Year of Publication



Public Health

Date Available


Degree Name

Master of Public Health (M.P.H.)

Committee Chair

Sarah Wackerbarth, PhD

Committee Member

Tyrone Borders, PhD

Committee Member

Ana Linares, PhD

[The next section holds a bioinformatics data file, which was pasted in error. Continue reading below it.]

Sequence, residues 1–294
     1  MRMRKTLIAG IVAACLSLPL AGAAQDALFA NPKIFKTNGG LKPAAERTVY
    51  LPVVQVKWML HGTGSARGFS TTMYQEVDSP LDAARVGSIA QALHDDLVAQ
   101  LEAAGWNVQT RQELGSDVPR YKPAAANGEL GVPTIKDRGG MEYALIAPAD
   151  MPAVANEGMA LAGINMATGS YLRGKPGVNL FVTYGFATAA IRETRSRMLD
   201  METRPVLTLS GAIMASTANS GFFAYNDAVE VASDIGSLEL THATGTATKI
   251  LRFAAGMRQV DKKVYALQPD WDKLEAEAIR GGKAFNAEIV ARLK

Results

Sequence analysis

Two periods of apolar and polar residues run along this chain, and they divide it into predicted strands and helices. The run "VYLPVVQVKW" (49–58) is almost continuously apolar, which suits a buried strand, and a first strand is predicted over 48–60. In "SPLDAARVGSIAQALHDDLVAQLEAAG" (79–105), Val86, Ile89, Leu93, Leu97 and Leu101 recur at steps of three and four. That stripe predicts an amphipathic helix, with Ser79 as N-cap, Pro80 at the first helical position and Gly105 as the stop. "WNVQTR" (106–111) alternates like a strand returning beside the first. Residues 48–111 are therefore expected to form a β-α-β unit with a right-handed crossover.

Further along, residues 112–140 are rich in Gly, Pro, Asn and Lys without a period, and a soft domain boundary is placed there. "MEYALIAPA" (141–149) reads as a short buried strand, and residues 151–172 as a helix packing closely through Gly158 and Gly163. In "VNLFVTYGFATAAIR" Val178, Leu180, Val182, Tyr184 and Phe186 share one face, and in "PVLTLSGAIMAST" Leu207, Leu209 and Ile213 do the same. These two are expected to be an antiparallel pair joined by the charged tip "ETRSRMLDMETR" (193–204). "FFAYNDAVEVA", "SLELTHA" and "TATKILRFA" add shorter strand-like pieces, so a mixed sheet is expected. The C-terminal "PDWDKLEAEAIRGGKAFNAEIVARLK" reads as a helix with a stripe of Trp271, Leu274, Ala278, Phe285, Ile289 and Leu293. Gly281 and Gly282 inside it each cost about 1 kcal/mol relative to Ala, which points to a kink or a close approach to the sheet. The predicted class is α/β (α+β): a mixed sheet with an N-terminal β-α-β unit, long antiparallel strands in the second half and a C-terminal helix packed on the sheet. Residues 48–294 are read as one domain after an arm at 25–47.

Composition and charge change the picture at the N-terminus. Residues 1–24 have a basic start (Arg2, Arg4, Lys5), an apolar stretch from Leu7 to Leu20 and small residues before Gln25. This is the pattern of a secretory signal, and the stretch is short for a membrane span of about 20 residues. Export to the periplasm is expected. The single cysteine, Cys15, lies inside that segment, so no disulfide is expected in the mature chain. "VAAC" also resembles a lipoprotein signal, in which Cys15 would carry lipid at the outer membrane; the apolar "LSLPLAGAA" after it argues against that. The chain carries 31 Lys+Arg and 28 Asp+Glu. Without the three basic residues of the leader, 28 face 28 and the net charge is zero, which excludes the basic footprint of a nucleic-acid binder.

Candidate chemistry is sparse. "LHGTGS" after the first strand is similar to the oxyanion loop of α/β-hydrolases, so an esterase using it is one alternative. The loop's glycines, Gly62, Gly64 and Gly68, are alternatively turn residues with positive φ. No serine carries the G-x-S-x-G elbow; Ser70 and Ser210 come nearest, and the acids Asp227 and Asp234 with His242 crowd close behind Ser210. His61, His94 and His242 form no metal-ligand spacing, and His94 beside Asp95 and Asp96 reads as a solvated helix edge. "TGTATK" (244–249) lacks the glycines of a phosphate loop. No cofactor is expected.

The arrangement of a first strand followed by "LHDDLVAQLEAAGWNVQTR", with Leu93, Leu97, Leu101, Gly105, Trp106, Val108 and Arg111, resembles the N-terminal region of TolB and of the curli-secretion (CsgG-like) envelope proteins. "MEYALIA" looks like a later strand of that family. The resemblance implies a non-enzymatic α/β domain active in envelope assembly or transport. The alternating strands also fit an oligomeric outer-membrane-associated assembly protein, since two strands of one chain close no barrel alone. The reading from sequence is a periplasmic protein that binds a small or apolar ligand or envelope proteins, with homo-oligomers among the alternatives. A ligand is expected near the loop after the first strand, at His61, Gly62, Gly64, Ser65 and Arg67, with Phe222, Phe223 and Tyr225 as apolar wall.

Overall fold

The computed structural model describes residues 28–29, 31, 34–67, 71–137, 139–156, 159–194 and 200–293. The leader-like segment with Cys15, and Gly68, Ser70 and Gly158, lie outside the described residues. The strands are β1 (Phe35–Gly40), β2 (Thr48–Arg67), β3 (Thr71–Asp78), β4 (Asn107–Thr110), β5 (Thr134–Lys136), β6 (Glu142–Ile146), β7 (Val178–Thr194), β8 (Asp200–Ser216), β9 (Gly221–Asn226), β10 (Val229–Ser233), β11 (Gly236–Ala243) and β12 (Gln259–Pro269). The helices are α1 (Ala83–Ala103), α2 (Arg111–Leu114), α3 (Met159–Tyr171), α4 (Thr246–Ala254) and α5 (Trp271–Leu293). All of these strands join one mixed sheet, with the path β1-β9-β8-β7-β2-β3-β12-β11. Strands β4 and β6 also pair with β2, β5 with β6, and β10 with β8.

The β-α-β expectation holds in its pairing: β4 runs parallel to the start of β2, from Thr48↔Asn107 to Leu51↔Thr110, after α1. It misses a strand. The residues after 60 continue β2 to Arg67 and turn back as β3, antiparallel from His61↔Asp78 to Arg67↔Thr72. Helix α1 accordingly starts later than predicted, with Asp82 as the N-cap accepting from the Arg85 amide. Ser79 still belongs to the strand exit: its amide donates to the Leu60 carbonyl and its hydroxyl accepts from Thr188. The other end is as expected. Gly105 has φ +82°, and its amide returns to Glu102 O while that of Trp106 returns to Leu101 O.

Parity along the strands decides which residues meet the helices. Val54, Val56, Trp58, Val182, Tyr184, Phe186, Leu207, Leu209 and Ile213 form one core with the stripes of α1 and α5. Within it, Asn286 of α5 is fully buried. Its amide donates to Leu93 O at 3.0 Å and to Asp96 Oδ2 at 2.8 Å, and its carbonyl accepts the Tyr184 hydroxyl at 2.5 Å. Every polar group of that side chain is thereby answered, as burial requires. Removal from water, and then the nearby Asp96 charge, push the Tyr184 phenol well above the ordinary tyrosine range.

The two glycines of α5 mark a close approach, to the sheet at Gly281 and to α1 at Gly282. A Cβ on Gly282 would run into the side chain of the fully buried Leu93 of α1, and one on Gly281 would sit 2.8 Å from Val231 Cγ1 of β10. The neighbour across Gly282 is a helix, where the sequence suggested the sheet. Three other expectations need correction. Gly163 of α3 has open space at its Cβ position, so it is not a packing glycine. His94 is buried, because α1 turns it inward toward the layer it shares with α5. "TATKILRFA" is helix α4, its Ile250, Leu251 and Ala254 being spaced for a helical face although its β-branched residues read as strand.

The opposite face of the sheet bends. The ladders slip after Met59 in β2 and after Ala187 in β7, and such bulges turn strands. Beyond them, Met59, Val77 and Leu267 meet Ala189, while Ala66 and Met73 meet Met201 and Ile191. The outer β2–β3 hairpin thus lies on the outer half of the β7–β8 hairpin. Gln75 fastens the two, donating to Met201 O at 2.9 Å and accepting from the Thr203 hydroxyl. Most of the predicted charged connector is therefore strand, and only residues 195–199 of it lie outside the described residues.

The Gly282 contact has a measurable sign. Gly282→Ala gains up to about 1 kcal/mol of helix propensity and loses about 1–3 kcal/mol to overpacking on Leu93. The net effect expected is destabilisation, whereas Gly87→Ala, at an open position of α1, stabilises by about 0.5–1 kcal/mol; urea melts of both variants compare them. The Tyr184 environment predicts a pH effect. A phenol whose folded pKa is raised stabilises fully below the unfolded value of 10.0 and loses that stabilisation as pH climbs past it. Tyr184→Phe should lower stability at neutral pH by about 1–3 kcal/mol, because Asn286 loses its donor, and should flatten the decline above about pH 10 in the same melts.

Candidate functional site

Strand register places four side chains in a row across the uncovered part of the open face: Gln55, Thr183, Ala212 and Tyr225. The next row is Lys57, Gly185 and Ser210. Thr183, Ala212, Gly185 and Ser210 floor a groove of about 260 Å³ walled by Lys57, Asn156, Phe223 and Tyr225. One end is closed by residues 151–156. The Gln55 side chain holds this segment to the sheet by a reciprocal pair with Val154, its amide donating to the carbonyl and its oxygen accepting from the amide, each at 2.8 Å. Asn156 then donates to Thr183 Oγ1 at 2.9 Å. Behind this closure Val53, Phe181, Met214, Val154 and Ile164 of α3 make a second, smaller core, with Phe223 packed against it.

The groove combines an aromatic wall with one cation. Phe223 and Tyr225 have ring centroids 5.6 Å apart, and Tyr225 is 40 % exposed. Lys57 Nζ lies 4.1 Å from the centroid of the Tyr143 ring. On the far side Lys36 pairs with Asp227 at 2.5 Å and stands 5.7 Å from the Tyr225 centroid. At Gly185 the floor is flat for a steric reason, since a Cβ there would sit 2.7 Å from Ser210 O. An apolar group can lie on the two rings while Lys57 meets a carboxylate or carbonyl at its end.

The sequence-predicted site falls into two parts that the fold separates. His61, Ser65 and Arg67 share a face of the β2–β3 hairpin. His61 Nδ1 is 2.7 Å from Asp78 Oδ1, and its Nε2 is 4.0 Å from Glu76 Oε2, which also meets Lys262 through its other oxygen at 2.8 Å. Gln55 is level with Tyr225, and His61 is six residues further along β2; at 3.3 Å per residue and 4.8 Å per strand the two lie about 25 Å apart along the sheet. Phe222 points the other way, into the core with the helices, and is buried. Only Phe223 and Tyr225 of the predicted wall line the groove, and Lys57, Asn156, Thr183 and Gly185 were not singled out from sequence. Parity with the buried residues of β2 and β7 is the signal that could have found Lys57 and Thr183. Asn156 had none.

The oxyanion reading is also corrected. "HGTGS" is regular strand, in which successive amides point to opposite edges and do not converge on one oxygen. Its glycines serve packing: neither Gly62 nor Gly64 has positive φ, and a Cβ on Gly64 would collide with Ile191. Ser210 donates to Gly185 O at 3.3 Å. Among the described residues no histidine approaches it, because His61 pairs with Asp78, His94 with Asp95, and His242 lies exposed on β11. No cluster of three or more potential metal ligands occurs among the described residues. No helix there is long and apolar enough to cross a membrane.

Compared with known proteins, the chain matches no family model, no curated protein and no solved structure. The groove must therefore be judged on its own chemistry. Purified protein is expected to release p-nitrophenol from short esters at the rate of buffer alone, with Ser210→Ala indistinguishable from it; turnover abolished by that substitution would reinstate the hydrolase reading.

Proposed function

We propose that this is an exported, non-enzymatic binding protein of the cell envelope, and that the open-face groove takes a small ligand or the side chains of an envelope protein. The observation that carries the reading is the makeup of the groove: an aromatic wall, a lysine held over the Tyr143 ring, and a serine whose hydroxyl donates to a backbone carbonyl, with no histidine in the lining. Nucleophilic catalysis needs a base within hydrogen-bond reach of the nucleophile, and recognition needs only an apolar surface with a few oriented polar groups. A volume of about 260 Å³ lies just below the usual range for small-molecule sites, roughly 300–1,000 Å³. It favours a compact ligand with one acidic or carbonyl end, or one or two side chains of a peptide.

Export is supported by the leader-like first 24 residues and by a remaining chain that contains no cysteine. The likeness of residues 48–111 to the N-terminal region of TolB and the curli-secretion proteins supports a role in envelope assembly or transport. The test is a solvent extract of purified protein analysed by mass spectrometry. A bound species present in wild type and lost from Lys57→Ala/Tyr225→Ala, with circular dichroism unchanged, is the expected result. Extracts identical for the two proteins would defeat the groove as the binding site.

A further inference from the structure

Protection, promotion, and support of breastfeeding (BF) are critical public health needs. Breastfeeding has been proven to provide the healthiest start in life and has been shown to have a myriad of health benefits for infants, mothers and society at large. Exclusive and long term breastfeeding has been found to have protective function against the prevalence of obesity as well as many other adverse health outcomes. Higher levels of breastfeeding support in the child-care setting have been associated with higher likelihood of duration of breastfeeding for mothers and infants. The primary objective of this study was to assess the current prevalence of written breastfeeding policies in a sample of child-care centers in north-central Kentucky, and to examine the relationship between the directors’ years of experience, level of education and the centers’ accreditation status, to the likelihood of having a written breastfeeding policy (outcome variable). The study, incorporated a descriptive exploratory survey to collect information about practices and policies of 35 child-care centers (N=35) in Kentucky. Descriptive statistics were used to characterize the participant child-care centers and directors. Bivariate analysis with chi-square statistics were conducted to examine the association between the independent variables (i.e., director’s years of experience, level of education and accreditation status of the center and having a written breastfeeding policy). The results revealed that while a larger proportion of child-care centers which had a written breastfeeding policy were accredited (74%) compared to those centers who did not have a written breastfeeding policy (67%), this difference was not statistically significant (95% CI: .30-6.99; P=.638). Analysis of results also found no significant association between having a written breastfeeding policy and the variables in this particular model which included: Director’ years of experience (95% CI: .09-1.64; P=.192), level of education (95% CI:.54-2.05; P=.890) and center’s accreditation (95% CI: .30-6.99; P=.638).The findings of non-significant associations between the variables analyzed in this study suggests a lack of education about the benefits of breastfeeding over formula feeding in the formal education system amongst child-care professionals and highlight the importance and need for further federal or state support of breastfeeding in the child-care setting by means of policy in order to help breastfeeding become a cultural norm and not simply a life style choice that parents make.

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